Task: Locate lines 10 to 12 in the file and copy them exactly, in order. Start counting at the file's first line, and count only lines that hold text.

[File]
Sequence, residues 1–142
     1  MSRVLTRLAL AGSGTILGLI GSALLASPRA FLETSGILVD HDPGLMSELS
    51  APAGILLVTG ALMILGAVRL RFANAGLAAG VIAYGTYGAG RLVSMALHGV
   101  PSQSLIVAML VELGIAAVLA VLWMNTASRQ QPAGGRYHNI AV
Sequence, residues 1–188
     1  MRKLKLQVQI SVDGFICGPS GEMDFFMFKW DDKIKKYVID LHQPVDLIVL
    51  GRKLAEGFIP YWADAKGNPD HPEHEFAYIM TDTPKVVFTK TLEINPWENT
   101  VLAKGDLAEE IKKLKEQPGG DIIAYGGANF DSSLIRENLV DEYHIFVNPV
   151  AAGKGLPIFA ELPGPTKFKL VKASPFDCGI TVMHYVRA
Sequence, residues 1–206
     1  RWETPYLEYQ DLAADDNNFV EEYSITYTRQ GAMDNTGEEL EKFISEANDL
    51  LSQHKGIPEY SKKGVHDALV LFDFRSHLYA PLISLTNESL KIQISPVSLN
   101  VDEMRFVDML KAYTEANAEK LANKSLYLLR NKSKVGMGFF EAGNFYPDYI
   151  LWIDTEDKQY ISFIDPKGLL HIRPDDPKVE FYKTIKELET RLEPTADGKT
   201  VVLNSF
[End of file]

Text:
Sequence, residues 1–206
     1  RWETPYLEYQ DLAADDNNFV EEYSITYTRQ GAMDNTGEEL EKFISEANDL
    51  LSQHKGIPEY SKKGVHDALV LFDFRSHLYA PLISLTNESL KIQISPVSLN